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I'd like to see more detail. It shares characteristics of the twenties and thirties, may be transitional or assembled from parts. No collector value. Practical value? Restoration, absolutely not. About the best solution is go to the auto parts store, get a can of Mother's Mag Polish. Remove those Franzite (replacement) Grips and rub it down to a combination of nickel and bare metal. That will take a while.

If the bore survives there may be a shooter hiding in there. At 4 million plus and counting it would be cheaper to by a used M&P than restore one.
 

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Discussion Starter · #3 ·
I'd like to see more detail. It shares characteristics of the twenties and thirties, may be transitional or assembled from parts. No collector value. Practical value? Restoration, absolutely not. About the best solution is go to the auto parts store, get a can of Mother's Mag Polish. Remove those Franzite (replacement) Grips and rub it down to a combination of nickel and bare metal. That will take a while.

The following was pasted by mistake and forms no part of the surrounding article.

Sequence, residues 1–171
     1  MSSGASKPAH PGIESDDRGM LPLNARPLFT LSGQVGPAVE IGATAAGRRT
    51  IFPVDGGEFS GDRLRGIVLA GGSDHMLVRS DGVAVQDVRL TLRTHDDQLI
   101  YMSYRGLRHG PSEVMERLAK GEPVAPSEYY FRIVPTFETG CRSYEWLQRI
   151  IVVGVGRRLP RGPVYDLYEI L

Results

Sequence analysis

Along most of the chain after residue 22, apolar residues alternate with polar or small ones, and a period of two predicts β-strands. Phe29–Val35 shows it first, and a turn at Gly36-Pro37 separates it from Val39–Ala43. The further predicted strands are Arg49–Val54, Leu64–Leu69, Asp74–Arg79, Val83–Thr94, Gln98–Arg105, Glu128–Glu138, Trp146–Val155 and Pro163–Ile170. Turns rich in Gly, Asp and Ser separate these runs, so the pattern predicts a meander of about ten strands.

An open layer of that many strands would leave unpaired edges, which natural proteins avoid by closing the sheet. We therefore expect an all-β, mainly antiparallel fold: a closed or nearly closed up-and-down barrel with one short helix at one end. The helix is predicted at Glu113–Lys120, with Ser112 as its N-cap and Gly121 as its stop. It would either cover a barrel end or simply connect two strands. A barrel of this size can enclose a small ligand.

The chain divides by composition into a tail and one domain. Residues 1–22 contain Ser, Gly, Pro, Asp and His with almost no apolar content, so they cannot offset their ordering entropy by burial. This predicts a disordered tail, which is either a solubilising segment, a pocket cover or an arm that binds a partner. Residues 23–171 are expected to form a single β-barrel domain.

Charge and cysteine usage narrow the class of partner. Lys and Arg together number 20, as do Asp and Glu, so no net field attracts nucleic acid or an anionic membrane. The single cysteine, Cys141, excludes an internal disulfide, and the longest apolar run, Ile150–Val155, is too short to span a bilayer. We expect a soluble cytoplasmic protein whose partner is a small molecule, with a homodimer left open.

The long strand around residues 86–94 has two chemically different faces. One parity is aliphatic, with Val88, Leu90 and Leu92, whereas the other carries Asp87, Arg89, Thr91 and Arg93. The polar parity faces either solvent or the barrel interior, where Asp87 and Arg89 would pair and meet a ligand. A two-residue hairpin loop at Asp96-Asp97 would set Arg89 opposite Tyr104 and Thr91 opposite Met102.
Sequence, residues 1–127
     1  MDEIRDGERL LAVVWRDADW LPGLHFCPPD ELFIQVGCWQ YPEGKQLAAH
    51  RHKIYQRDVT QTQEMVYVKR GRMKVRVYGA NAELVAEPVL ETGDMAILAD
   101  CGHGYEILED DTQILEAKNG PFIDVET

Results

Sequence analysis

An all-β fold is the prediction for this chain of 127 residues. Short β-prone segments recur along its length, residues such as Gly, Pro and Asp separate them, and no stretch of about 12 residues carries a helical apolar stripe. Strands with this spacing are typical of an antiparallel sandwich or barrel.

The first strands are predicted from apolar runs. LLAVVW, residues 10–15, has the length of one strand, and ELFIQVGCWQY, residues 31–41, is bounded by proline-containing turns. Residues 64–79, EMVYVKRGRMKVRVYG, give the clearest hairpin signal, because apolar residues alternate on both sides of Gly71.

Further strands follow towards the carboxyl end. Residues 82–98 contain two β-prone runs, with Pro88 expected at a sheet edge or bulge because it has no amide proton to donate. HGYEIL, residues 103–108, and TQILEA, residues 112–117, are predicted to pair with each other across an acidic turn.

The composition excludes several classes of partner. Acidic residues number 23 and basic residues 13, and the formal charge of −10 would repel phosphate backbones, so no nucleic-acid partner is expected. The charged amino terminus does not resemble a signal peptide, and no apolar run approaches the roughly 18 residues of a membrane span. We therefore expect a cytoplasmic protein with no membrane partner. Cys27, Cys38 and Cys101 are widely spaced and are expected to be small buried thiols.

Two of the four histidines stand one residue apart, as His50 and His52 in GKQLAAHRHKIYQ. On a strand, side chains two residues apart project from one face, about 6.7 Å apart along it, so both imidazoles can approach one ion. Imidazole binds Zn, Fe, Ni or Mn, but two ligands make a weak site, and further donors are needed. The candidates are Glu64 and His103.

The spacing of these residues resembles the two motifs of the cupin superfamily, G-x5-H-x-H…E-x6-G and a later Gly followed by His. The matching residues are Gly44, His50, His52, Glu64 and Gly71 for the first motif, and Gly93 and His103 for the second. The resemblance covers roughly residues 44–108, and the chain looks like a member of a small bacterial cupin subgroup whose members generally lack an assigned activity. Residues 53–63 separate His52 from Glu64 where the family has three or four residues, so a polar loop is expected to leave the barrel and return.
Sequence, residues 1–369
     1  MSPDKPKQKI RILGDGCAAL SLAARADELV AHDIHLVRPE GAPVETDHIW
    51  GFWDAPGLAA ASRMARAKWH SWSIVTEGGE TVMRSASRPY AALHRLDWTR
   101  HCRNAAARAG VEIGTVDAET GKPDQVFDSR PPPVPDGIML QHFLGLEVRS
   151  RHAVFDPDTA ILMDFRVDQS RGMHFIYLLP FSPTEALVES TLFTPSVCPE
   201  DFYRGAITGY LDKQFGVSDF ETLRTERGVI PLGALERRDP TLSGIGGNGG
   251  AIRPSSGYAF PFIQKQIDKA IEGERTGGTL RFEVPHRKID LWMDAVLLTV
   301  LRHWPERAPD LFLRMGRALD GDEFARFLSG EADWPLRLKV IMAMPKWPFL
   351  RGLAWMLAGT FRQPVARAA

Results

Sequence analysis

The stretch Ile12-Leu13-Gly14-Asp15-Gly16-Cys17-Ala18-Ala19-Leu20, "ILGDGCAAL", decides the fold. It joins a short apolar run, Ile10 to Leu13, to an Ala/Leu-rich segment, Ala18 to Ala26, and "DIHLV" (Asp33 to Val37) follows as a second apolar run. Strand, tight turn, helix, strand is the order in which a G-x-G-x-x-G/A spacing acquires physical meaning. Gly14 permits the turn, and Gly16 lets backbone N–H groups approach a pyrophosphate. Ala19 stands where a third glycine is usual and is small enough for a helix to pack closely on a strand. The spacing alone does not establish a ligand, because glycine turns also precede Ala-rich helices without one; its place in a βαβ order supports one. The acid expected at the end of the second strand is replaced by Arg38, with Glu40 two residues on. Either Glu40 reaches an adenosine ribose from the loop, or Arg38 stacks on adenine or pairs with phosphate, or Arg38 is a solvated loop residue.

If the bore survives there may be a shooter hiding in there. At 4 million plus and counting it would be cheaper to by a used M&P than restore one.
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Cliff I tend to think a crease in the plating.

The rear sight seems to be of the squared off type. The ejector rod end is of the late twenties thru WWII barrel shape. The small trademark on the right was changed, when? Given the conventional wisdom that 500,000 dates to 1927, I am calling it late twenties transitional. OP that means little there are so many "transitional" periods in the myriad engineering changes that have taken place. If the serial under the barrel matches and there is an N there as well I believe it is an original gun (less grips) and wears its original finish.

Scrubbing that patina down to white metal will not be the equivalent of a face lift but it will not assault the eyes to the current degree. Restoring a nickel gun is not simply running down to the hubcap shop. I stand by my earlier comments.

With a fair tail wind it might top $200 in my area. A set of nickel medallion grips will run $75-$100 easily etc., etc.
 

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It is a badly flaked nickeled M&P from early 1929; nothing transitional, all features are correct. Logo on the correct side (1920 to 1937), barrel shaped ejector rod (since 1927). Unless it has a B on the underbarrel flat next to the serial, the nickel is original; the N was not generally used pre-war and just the absence of the B confirms nickel.

As for value and possible restoration, I agree with what's been said already; no collector value left, so anything you do to it can't ruin anything, but make sure you do what improves the gun in your eyes; you won't ever be able to recoup any money you put into it by increasing its resale value enough.
 
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